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    Lions try: SARU seek clarity

    2014-03-20 16:30
    Cape Town - General Manager of Referees at SARU, André Watson, says they have asked the IRB to rule on a contentious decision to award the Lions a try in their Super Rugby clash against the Blues last weekend.

    VIDEO: Lions try from Piutau 'knock back'

    INTERVIEW: André Watson chats to Sport24

    While attempting to score, Lions centre Deon van Rensburg lost the ball when he was tackled by Blues wing Charles Piutau.

    The ball spilled forward into the in-goal area, with Lions fullback Coenie van Wyk falling on the loose ball for the "try".

    South African referee Stuart Berry initially referred the incident to the TMO (Johan Greeff), asking whether Van Rensburg knocked the ball forward or whether it was the Blues player that knocked it out of his hands.

    While replays showed Van Rensburg was carrying the ball before losing it in the tackle, Berry awarded the try.

    The Blues, who ended up losing the game 39-36, questioned the decision and asked for SANZAR to provide clarity on the call.

    SANZAR's referee manager Lyndon Bray then responded by saying it was an illegitimate try.

    "Lions No 13 (Van Rensburg) is carrying the ball and about to attempt to score a try. Blues No 11 (Charles Piutau) effects a tackle and Lions No 13 loses possession as a result, " Bray said via a statement.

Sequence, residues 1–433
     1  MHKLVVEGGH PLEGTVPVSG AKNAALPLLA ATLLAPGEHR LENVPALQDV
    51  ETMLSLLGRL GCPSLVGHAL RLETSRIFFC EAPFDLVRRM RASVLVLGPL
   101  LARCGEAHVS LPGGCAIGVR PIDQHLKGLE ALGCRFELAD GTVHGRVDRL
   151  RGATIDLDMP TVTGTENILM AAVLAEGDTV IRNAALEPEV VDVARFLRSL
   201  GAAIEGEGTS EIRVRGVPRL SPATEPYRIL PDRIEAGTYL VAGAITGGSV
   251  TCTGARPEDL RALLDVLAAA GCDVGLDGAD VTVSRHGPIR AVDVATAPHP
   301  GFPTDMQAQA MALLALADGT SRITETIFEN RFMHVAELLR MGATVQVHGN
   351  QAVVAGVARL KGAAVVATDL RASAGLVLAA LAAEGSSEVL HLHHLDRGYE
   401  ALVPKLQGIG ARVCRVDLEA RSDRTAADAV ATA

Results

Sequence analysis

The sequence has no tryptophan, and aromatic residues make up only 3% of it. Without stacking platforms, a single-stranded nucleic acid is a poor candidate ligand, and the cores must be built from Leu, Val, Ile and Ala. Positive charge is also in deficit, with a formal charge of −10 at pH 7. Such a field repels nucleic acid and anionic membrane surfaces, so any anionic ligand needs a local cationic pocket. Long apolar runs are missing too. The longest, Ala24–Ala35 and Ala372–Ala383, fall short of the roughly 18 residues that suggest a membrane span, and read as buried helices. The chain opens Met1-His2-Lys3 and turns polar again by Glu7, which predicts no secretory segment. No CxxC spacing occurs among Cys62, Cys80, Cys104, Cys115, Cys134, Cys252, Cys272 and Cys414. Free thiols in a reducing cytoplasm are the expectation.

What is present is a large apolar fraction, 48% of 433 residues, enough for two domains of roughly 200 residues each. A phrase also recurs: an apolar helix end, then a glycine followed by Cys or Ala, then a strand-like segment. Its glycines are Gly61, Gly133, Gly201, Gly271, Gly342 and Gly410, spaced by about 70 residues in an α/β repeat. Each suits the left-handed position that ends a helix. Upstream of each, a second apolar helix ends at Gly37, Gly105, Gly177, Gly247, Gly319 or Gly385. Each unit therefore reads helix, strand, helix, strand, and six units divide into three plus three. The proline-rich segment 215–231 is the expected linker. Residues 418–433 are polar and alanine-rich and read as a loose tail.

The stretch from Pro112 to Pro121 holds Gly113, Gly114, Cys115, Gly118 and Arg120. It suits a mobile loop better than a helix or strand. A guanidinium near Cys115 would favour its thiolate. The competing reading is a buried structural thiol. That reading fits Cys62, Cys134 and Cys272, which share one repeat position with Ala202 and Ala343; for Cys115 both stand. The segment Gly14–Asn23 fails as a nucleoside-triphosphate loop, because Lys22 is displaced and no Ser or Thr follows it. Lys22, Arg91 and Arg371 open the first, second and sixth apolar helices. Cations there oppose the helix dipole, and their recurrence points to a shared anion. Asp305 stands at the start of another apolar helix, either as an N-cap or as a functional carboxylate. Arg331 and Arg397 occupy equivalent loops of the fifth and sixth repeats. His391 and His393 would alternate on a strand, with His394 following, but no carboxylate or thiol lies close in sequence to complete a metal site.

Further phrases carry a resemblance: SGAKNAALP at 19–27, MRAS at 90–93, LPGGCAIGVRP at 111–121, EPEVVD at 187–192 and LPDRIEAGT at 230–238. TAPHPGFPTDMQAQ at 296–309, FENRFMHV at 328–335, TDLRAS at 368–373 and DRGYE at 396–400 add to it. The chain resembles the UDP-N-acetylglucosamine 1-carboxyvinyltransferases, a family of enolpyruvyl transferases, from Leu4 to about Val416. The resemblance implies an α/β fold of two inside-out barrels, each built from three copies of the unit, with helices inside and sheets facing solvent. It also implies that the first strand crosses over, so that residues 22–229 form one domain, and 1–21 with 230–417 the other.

"While the Blues player does jolt the ball out of his possession, he is not trying to deliberately 'rip the ball' out of the player's possession. The onus is on the ball carrier to maintain possession while being tackled. Therefore, this should have been ruled as a knock on and subsequently, no try," concluded Bray.

    However, Watson suggested that SARU felt differently on the matter and that there's still uncertainty.

    In an exclusive interview with Sport24, Watson said it was not clear that Van Rensburg had lost the ball or if it was dislodged.

    "I believe it was not a contentious issue from a refereeing point of view but rather from a law perspective. The knock-on law is very clear: a player needs to lose possession, with the ball then travelling in a forward direction.

    "However, the debate with regard to this specific incident revolves around whether the ball-carrier lost the ball or whether the ball was dislodged from his grasp as a result of the action of the tackler.

    "While SANZAR have issued a statement saying the try should not have stood, we at SARU have referred the matter to the IRB and are awaiting a ruling. The debate is currently hanging in the air as two contrasting opinions currently exist," said Watson.

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